Now I realise that this is taking sharing the story to the extreme. Not everyone wants their new bald head to appear on national news just a week after they’ve shaved their hair off. But I felt liberated. Perhaps it’s to do with my job – i.e. being a performer I’m used to having people’s attention on me – or perhaps it’s just the way I am, but I’ve been enjoying being able to talk about this with people. A lot of the time they’re more embarrassed or shy than me, and I can see they want to talk to me about it but they’re worried of upsetting me or whether it would be inappropriate. But once I crack a bald joke the conversation gets underway and people are fascinated. There’s so little known about alopecia and people are endlessly interested and supportive.

The second thing I decided to do, once I’d been given my AU diagnosis but still had some hair remaining was to get a photoshoot done with said remaining hair so I would have something to look back on and remember my old self by, before closing that chapter and starting anew without hair. This was a wonderfully cathartic process and was very important for me in accepting my alopecia and acknowledging the possibility that this may be a permanent change. I suppose I thought of it as a mini-funeral for my hair.

The third thing I decided to do was to get a huge henna crown done on my head after I lost my hair. I’d seen this a couple of times online while researching alopecia and general hair loss during the early stages of my own hair loss. The designs I saw looked so beautiful and it seemed like it would be a smoother transition into the world of having a bald head rather than going straight from hair to naked skin; having my head covered with henna art and having that gradually fade away over the course of a couple of weeks.

The final thing I decided to add to my alopecia journey was a mini-celebration-party the day I shaved my head. As I’ve previously said, sharing my story was such a key part of accepting what I was going through and feeling confident in myself. So rather than have my head-shaving turn into a sorrowful affair I used it as an excuse to have a party! We got some yummy food in and I even baked a cake and made homemade dairy-free ice cream for pudding, it was a great night.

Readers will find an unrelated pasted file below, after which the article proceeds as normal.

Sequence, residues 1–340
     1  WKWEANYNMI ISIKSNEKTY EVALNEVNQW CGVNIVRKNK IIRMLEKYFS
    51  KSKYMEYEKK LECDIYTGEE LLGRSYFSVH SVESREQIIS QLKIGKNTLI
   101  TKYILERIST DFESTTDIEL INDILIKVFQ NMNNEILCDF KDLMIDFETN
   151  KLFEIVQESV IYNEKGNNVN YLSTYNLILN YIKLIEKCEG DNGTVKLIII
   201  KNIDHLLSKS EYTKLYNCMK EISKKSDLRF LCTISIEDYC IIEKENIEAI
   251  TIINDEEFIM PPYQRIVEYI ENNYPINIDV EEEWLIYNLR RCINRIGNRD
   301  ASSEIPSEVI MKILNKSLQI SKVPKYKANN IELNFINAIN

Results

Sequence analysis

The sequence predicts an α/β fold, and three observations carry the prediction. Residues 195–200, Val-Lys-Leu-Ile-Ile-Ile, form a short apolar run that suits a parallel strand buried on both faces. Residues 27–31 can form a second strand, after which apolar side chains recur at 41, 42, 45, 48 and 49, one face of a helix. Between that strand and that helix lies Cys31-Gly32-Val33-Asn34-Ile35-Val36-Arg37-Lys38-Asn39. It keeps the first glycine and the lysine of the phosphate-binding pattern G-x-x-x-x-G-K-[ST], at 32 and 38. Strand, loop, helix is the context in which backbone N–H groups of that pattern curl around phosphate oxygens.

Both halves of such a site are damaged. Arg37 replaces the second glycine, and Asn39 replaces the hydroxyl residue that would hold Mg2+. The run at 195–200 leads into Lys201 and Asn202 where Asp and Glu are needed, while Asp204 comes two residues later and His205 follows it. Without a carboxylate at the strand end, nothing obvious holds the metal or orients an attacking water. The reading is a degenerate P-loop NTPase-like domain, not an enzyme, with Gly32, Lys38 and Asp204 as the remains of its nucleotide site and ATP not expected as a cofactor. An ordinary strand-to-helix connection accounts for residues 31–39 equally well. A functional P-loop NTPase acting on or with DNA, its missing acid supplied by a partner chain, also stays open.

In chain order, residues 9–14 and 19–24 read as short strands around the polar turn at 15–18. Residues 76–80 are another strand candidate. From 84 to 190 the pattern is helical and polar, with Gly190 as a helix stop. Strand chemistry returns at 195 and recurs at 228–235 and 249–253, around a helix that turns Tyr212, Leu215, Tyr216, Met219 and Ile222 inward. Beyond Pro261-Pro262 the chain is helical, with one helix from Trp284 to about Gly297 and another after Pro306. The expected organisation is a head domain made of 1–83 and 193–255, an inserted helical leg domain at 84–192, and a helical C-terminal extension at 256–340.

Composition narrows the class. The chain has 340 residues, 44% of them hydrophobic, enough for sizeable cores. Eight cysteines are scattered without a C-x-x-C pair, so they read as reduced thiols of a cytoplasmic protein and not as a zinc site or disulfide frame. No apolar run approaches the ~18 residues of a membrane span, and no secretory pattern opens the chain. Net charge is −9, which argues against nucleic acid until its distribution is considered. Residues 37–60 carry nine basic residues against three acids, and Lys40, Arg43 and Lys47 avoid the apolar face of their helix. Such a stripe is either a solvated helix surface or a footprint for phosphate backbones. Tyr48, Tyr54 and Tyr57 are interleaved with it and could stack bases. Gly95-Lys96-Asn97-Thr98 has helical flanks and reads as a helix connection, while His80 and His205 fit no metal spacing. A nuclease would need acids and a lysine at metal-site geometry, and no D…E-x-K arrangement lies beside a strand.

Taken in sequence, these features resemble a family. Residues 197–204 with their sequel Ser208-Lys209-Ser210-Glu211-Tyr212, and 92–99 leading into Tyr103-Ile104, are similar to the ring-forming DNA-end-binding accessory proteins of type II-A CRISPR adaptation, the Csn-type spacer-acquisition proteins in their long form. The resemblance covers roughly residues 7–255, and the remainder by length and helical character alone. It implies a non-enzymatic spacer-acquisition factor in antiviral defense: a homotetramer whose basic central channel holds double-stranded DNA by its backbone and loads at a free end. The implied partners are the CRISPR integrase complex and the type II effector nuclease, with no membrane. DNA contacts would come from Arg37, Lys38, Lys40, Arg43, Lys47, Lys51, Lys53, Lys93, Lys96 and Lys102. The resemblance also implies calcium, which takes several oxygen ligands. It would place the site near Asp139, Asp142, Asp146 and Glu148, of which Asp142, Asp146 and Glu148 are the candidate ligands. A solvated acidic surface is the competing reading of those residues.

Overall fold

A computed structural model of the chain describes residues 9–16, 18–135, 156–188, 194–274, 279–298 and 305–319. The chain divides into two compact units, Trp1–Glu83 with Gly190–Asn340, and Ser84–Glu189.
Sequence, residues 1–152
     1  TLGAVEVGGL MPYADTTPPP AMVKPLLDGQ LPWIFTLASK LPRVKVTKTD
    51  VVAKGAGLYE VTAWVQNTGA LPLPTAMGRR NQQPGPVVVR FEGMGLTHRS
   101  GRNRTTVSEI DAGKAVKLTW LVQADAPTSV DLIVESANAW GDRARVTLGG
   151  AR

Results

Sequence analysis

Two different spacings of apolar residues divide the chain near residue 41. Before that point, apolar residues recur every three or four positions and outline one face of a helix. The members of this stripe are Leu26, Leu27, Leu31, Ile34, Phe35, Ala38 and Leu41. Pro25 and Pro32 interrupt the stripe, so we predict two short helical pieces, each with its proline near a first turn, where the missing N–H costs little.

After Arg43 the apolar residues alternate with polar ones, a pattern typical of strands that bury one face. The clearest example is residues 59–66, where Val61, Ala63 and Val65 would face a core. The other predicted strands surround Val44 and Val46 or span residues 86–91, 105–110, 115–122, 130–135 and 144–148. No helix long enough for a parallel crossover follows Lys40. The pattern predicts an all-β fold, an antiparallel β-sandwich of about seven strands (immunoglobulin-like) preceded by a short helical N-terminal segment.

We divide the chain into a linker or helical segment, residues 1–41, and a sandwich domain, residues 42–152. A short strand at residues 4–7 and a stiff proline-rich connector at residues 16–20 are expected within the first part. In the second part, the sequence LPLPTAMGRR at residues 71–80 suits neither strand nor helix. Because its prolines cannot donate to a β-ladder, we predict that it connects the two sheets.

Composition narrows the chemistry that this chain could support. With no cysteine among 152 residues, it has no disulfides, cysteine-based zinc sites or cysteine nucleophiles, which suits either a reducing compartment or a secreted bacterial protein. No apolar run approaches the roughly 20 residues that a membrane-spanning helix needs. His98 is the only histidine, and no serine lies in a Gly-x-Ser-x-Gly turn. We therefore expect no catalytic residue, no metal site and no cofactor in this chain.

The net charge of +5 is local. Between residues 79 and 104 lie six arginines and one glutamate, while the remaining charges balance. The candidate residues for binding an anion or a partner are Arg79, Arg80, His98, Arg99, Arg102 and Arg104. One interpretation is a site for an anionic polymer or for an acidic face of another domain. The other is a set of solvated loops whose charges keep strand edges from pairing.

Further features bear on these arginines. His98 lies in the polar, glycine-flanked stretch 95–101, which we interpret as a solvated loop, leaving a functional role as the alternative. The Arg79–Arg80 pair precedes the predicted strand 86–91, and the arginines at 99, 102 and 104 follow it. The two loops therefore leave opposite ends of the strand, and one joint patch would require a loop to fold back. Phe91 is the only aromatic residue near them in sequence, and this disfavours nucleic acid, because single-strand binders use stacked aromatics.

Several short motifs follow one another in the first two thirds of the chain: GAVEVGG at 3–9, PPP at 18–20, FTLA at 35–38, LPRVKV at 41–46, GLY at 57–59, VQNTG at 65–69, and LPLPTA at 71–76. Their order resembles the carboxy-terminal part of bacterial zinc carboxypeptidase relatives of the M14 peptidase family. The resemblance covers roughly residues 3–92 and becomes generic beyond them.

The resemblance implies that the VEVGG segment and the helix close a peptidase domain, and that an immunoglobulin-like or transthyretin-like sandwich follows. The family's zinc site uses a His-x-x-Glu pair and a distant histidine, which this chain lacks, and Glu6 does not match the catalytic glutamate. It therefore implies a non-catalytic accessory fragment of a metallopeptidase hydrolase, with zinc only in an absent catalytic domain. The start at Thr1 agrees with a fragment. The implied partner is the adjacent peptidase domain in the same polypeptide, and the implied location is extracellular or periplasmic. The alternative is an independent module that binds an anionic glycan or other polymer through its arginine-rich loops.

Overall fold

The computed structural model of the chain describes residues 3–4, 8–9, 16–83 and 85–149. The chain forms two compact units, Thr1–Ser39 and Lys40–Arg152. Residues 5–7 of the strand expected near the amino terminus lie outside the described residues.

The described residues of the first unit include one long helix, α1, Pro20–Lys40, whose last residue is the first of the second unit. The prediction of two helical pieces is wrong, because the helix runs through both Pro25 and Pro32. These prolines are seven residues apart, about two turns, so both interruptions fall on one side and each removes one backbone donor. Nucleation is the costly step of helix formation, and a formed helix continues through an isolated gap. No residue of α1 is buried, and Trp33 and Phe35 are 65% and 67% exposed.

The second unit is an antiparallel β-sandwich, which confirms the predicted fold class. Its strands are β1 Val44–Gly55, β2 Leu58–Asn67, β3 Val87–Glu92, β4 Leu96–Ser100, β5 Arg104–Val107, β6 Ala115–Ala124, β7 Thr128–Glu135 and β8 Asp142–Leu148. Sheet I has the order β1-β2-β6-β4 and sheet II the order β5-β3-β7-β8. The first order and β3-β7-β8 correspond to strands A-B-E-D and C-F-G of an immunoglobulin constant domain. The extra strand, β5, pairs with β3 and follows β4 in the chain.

Well that’s all I wanted to say really. If anyone wants to contact me further then please feel free! You can find my video on YouTube and at the end is an email address which I can be reached by. It just remains to leave a few passing thoughts which I repeat to myself if ever I need an extra boost …


This condition isn’t debilitating. It isn’t painful. It doesn’t stop me or anyone from doing any of the things we used to do. We’re now just more aerodynamic!


Hair loss is only a negative thing because in the Western world in which I grew up it’s “normal” for people, especially women, to have hair. But in other cultures many people shave their heads. Plus I’ve always thought of myself as a bit of a non-conformist anyway.


"This is my life, if I feel shitty my life will be shitty, if I feel good my life will be good". Essentially if I get really down about this the only person who’s going to end up losing out will be me, so I may as well just accept it as best I can and continue as I did before. Plus the less of a deal I make out of this the less others will too.


Peace and love folks! xoxoxo